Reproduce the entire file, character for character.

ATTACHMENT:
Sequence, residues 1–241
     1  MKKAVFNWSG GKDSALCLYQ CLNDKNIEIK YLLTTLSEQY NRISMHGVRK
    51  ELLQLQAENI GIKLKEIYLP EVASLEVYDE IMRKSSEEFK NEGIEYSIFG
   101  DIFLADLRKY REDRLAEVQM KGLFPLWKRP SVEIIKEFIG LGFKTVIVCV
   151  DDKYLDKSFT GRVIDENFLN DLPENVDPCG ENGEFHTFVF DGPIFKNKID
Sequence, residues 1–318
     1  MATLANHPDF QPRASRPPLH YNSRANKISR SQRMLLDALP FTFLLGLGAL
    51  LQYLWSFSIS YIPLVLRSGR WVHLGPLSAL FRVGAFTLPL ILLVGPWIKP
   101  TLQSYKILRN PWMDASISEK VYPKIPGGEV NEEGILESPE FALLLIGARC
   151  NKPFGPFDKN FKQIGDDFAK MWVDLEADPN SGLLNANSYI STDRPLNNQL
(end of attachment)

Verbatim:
Sequence, residues 1–241
     1  MKKAVFNWSG GKDSALCLYQ CLNDKNIEIK YLLTTLSEQY NRISMHGVRK
    51  ELLQLQAENI GIKLKEIYLP EVASLEVYDE IMRKSSEEFK NEGIEYSIFG
   101  DIFLADLRKY REDRLAEVQM KGLFPLWKRP SVEIIKEFIG LGFKTVIVCV
   151  DDKYLDKSFT GRVIDENFLN DLPENVDPCG ENGEFHTFVF DGPIFKNKID
Sequence, residues 1–318
     1  MATLANHPDF QPRASRPPLH YNSRANKISR SQRMLLDALP FTFLLGLGAL
    51  LQYLWSFSIS YIPLVLRSGR WVHLGPLSAL FRVGAFTLPL ILLVGPWIKP
   101  TLQSYKILRN PWMDASISEK VYPKIPGGEV NEEGILESPE FALLLIGARC
   151  NKPFGPFDKN FKQIGDDFAK MWVDLEADPN SGLLNANSYI STDRPLNNQL